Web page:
The French Foreign Legion is a military service branch of the French Army that was established in 1831. It is unique in that it is open to all foreign nationals who wish to serve in the French Armed Forces. However, the Legion was not France’s only foreign military formation when it was founded. Here are three lesser-known facts about the French Foreign Legion:
Troops serving in the French Foreign Legion come from 138 different countries but may eventually become French citizens. After serving honorably for at least three years, they can apply for citizenship. However, a faster path to citizenship is available to them: if they are wounded on the battlefield, they may become citizens through a provision called “Français par le sang versé” or “French by spilled blood.” The French government established this provision in 1999.
Pay and benefits
The French Foreign Legion is known for its rough lifestyle and the possibility of being deployed to austere environments or combat zones such as Afghanistan and Mali. Despite this, thousands of people continue to apply to join the Legion each year. Legionnaires can expect a starting pay of around $1450 per month for the first couple of years of service, which is lower than the pay received by the lowest-ranking soldiers in the US Army.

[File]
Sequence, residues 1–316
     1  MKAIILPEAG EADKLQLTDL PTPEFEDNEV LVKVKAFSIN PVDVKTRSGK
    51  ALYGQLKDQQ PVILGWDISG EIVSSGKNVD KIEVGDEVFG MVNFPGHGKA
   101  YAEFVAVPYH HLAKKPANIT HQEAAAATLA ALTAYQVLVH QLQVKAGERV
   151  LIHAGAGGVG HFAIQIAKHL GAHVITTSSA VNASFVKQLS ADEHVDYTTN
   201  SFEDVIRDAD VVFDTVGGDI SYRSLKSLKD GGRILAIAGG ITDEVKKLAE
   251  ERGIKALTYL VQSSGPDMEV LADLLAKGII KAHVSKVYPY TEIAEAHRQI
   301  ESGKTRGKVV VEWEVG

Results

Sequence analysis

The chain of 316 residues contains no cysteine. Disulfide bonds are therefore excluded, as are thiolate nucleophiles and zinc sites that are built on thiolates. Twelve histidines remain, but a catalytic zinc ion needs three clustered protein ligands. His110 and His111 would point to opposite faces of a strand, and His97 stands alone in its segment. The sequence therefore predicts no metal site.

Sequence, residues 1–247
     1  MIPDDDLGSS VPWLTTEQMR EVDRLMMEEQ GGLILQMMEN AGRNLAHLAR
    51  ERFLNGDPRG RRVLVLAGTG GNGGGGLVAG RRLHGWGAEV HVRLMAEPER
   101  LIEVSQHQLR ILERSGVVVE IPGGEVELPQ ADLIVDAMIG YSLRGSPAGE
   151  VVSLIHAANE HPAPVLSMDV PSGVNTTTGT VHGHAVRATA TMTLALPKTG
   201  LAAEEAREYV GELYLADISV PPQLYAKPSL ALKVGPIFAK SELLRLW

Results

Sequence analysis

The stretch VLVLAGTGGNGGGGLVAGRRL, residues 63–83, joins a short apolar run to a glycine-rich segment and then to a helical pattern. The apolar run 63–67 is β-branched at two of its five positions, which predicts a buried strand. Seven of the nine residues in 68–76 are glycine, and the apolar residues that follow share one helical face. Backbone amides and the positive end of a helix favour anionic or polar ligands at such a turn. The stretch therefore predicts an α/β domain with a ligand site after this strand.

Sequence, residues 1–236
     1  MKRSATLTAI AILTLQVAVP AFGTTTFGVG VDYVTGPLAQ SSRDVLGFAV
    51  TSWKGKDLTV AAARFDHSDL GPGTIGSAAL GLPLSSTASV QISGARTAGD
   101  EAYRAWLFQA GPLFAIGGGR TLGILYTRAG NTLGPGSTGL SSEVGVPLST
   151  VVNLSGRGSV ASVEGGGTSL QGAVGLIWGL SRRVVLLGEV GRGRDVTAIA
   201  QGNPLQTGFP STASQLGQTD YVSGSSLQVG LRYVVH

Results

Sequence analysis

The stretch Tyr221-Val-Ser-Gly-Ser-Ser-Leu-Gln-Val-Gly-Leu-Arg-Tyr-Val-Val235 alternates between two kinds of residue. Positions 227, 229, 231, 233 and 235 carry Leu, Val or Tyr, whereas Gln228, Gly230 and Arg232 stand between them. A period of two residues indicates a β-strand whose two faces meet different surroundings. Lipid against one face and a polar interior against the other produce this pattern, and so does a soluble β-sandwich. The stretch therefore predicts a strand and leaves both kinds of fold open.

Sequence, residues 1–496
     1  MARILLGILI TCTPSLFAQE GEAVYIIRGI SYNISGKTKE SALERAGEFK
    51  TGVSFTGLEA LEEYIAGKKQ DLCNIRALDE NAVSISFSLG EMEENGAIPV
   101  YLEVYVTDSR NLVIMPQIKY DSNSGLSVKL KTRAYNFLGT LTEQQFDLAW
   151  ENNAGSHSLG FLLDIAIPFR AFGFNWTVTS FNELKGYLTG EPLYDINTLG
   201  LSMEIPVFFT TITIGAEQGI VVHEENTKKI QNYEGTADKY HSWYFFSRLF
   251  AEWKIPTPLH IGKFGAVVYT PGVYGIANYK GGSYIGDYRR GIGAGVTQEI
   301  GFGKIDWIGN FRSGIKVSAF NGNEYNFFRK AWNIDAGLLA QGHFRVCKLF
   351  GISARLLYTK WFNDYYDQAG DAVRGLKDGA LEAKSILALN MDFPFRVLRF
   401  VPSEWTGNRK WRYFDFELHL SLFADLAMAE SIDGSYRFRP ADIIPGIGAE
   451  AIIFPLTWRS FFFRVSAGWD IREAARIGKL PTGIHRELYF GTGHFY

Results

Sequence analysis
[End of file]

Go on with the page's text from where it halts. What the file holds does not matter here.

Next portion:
However, the Legion has a heavy drinking culture, which may appeal to some people. It is not clear if this culture of heavy drinking extends to combat zones or is only present during off-duty time.
The French Foreign Legion and its members have often been viewed as expendable throughout the unit’s history. Despite the possibility of death in far-off locations, many foreigners continue to join the Legion in search of a new life and a sense of purpose. However, according to an article in Vanity Fair, sacrificing oneself for a noble cause has gradually become a virtue in and of itself within the Legion.
An old Legionnaire told the magazine, “There is no point in trying to understand. Time is unimportant. We are dust from the stars. We are nothing at all. Whether you die at age 15 or 79, there is no significance to it in a thousand years. So f-k off with your worries about war.” It is worth noting that serving in the French Foreign Legion is about pride and honor rather than salary.